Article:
Extraditing Anne Sacoolas would be ‘egregious abuse’

The US has indicated it will reject attempts to extradite Anne Sacoolas to the UK to face charges over Harry Dunn's death.

In a statement following the decision by the Crown Prosecution Service (CPS) to charge the diplomat's wife with death by dangerous driving, the State Department said returning her to the UK would be an "egregious abuse".

"The use of an extradition treaty to attempt to return the spouse of a former diplomat by force would establish an extraordinarily troubling precedent." the statement said.

The lawyer for the driver has said she "will not return voluntarily to the United Kingdom to face a potential jail sentence".

Charlotte Charles and Tim Dunn, the parents of 19-year-old Harry Dunn, broke down in tears after learning of the decision to bring charges.


Anne Sacoolas was involved in a crash in which Mr Dunn died outside an RAF base in Northamptonshire in August.

She returned to the US following the collision after claiming diplomatic immunity through her husband's work. He is thought to be a US intelligence officer.

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Image: Anne Sacoolas claimed diplomatic immunity and left for the US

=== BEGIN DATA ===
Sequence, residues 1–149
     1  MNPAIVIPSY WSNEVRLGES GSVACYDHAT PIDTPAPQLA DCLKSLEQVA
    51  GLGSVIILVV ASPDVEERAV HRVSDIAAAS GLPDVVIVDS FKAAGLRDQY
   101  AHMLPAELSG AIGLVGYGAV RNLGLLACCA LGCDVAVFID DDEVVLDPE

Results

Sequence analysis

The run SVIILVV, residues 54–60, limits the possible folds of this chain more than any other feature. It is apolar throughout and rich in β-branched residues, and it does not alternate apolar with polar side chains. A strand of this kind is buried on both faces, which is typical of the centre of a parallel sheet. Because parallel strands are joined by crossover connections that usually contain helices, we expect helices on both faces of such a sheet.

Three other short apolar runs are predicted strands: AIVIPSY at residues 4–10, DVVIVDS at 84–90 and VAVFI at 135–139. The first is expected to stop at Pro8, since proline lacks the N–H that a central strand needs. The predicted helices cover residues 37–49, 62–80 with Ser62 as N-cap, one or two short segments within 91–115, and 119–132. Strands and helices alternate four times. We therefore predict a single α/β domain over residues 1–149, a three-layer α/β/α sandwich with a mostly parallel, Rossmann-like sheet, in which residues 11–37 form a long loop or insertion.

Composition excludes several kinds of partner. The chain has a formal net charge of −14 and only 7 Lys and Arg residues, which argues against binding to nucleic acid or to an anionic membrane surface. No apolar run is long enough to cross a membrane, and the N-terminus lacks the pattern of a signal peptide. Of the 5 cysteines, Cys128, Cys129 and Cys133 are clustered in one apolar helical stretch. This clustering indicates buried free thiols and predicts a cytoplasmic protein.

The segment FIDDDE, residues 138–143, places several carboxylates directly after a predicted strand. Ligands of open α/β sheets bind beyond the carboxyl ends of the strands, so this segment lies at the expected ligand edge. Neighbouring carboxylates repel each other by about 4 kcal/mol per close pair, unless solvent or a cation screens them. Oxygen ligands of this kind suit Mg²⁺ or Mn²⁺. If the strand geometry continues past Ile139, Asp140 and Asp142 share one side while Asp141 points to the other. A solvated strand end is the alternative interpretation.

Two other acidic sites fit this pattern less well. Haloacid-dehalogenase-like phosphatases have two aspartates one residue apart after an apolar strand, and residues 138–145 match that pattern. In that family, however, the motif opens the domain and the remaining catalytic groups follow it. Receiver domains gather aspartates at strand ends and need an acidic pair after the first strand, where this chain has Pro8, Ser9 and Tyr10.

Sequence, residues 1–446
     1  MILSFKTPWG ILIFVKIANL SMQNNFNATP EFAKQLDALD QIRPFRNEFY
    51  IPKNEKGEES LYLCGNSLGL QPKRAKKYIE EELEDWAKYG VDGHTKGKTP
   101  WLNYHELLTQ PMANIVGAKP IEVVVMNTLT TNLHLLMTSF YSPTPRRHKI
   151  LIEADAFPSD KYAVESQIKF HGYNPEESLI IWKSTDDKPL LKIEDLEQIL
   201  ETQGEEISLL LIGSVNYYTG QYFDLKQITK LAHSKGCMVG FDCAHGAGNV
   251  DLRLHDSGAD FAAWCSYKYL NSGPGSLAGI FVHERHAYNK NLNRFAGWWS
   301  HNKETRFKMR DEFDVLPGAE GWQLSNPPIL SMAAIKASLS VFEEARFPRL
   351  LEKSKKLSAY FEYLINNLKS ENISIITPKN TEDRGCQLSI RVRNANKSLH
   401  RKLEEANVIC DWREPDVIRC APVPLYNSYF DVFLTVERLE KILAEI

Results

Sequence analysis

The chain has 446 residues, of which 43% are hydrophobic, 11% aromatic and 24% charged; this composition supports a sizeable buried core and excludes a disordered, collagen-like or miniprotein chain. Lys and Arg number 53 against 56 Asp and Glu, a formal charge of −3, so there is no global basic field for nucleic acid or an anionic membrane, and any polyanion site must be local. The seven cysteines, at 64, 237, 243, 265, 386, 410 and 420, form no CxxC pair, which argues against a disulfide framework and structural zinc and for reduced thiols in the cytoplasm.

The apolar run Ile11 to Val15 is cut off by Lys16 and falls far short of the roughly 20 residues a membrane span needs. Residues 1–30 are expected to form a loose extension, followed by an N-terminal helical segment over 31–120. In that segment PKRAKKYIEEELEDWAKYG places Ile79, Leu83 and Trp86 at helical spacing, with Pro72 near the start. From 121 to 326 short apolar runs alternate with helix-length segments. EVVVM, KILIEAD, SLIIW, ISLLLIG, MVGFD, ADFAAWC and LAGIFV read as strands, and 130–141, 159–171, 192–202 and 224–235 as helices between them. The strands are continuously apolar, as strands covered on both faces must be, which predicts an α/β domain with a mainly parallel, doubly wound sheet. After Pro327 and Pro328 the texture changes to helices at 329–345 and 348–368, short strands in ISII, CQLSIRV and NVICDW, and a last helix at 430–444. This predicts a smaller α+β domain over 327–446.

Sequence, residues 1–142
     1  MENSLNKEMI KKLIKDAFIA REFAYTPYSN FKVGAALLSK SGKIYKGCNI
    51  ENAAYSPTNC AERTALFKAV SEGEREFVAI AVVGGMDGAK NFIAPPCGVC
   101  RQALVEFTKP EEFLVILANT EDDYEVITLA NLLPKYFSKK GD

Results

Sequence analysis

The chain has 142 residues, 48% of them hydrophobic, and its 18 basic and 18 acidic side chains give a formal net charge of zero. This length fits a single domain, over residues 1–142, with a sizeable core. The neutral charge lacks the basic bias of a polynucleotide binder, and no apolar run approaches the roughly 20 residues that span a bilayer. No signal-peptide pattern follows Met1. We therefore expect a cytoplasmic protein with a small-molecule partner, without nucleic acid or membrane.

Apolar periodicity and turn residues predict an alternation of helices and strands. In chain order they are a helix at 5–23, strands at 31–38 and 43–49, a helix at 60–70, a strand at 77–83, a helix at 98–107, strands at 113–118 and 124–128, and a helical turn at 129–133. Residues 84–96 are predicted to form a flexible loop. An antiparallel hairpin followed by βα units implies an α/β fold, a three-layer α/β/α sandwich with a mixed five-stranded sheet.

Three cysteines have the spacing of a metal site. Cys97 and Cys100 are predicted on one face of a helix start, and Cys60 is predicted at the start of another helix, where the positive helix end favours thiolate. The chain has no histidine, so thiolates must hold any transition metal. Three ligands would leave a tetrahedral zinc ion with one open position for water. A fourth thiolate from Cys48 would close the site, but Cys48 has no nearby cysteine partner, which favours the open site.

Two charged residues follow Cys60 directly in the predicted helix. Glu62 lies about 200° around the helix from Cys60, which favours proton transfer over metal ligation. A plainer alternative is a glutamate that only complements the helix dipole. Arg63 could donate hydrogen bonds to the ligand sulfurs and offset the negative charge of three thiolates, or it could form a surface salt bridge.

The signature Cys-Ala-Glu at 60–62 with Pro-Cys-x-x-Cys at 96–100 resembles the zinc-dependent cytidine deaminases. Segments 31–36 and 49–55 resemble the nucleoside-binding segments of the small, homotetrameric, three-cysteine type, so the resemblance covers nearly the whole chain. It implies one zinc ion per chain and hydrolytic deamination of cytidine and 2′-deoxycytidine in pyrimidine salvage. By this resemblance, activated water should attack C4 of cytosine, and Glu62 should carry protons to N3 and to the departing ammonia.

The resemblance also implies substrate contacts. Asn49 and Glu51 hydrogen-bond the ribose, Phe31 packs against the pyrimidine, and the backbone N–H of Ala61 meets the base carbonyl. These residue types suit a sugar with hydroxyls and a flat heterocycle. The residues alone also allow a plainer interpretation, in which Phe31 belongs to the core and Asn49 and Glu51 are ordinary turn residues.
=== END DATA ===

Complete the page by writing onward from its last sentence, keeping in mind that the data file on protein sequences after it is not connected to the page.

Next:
Mrs Sacoolas, 42, has now been charged with causing death by dangerous driving. She was informed by her lawyer of the charges and that there will be an attempt to extradite her.

The family were one of the first to be informed by the director Max Hill that Mrs Sacoolas would be charged. The home secretary and foreign secretary were informed afterwards.

Speaking outside the CPS' office, mother Charlotte Charles thanked those who had supported their case, including the media, and said: "We feel like we've taken a huge step in the start of achieving the promise [of justice] to Harry."

Tim Dunn, Harry's father, spoke briefly of his shock about the meeting and the decision to charge Mrs Sacoolas before being overcome by emotion.

Speaking to Sky News, Nick Adderly, the chief constable of Northamptonshire Police said: "We will support the Crown Prosecution Service where we can but we will now let justice run its course," adding that the police can not now "interfere" in that process.

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